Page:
Health Advice



What does long COVID feel like?

Hanh Truong, The Sacramento Bee on

Published in Health & Fitness

SACRAMENTO, Calif. — For Anna Chumley, her long-haul COVID-19 symptoms started with a rash. One that would appear and reappear randomly, spotting her back, face and neck with itchy, red bumps. Then, came the constant back pain, chest pain and racing heart.

Chumley, who caught COVID in summer 2020, said she would sometimes feel like she couldn't breathe.

"I honestly felt like I was dying but I didn't know from what," the Atlanta-based Emory University law student said. "It was like the strangest thing. And like the problem was, unfortunately, when you feel like that, life doesn't slow down around you. I still had exams to take, I still had zoom classes to attend."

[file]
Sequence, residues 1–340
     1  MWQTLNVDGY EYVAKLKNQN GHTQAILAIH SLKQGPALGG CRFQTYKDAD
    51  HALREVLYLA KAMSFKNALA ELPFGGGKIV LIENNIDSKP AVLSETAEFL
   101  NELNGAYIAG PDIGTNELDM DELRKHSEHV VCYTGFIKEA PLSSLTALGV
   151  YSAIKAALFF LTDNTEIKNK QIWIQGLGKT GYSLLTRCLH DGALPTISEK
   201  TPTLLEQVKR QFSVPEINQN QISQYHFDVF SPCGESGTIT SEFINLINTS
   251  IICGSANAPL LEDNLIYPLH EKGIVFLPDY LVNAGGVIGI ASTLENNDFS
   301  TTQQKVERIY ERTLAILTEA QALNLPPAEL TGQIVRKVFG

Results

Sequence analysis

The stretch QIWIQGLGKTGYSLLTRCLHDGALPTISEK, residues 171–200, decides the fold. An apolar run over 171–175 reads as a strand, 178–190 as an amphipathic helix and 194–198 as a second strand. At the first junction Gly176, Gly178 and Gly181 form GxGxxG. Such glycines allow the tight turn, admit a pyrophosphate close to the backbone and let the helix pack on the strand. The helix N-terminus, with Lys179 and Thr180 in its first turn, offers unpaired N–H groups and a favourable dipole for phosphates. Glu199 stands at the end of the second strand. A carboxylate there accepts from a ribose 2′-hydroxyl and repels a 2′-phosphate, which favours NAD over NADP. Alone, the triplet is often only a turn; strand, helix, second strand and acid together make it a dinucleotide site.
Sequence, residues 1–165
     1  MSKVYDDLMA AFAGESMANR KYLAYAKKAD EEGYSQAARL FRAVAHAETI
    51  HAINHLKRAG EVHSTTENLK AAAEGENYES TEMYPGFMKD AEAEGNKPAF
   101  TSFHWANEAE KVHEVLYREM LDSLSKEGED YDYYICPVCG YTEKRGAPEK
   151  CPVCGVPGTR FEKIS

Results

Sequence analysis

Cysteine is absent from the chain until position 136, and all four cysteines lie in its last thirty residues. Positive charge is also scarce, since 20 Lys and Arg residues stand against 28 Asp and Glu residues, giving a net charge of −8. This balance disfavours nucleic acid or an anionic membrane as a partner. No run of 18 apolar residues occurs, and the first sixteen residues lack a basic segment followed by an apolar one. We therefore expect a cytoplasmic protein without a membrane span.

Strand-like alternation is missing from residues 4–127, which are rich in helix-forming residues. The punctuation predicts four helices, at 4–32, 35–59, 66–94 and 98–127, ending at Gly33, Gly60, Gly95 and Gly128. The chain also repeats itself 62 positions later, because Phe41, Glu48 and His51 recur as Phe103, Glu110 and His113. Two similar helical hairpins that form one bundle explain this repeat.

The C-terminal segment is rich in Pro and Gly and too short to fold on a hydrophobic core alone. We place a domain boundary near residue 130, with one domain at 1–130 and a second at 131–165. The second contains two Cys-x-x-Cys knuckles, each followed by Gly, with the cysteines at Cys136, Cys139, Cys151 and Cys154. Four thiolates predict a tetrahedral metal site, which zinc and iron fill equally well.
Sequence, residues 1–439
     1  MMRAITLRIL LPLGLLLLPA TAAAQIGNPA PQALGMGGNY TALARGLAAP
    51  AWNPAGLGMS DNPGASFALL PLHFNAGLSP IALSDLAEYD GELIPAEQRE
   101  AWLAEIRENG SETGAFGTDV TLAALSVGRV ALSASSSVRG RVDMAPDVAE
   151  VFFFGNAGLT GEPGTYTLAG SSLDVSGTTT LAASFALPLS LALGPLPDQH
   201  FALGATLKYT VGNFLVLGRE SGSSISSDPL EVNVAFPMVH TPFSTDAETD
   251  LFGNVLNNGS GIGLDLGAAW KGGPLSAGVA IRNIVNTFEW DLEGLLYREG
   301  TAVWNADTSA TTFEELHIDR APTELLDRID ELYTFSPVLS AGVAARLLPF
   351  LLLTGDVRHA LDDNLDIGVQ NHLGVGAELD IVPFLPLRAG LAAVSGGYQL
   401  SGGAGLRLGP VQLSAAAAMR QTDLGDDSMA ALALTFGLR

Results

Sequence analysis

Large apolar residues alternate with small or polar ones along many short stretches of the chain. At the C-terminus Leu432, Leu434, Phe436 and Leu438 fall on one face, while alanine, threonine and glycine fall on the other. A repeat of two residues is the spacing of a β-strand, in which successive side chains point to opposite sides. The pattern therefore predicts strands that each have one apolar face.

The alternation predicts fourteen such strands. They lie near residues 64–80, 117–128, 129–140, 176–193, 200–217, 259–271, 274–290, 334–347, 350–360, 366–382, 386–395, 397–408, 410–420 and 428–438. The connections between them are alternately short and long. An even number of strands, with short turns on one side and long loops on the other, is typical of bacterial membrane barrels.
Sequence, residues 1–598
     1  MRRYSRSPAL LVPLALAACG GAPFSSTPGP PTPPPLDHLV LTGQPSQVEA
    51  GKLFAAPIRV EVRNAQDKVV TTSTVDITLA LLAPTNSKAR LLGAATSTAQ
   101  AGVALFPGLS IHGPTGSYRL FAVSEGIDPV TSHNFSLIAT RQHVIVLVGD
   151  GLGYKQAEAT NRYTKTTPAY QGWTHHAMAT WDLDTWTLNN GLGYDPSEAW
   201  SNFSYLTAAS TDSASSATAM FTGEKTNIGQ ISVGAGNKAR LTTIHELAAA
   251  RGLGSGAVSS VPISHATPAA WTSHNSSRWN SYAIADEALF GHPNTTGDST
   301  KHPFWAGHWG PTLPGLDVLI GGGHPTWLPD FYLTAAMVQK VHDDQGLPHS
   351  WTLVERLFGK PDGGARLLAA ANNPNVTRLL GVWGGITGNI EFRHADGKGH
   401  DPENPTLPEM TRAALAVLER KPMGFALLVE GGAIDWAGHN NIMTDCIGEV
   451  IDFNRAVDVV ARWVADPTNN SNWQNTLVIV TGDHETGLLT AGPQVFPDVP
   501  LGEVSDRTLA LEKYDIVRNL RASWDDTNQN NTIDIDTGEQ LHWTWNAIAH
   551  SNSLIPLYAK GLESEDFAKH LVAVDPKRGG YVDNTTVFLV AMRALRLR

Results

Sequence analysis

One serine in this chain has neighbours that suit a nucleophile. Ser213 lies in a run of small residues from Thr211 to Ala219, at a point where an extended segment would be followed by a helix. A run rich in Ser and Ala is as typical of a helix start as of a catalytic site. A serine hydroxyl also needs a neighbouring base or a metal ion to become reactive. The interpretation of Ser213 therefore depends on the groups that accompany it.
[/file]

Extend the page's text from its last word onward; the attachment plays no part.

She ignored the symptoms, until one day, while driving, the 22-year-old's chest started to tighten. She was confused.

"I have no clue why this is happening," she thought to herself at the time. "I'm not running, I'm not super stressed out."

Chumley called her mom, a family nurse practitioner, who told her it was time to go to a doctor.


Around the same time, a former Sacramento area massage therapist reopened his previously shuttered business. He had also been sick with what he now believes was COVID-19, though it went undiagnosed.

He had mostly recovered from his infection by July 2020. But the 34-year-old, who asked for anonymity to protect his medical information and business reputation, said memory loss and brain fog plagued his entire summer.

He said he was making scheduling errors and double-booking clients.

"Eventually, it became clear to me that the frequency and the type of errors that I was making, I would endanger my clients and their health and their bodies," he said. "I started becoming convinced that I needed to actually just retire and like, stop working because my brain wasn't the same anymore."


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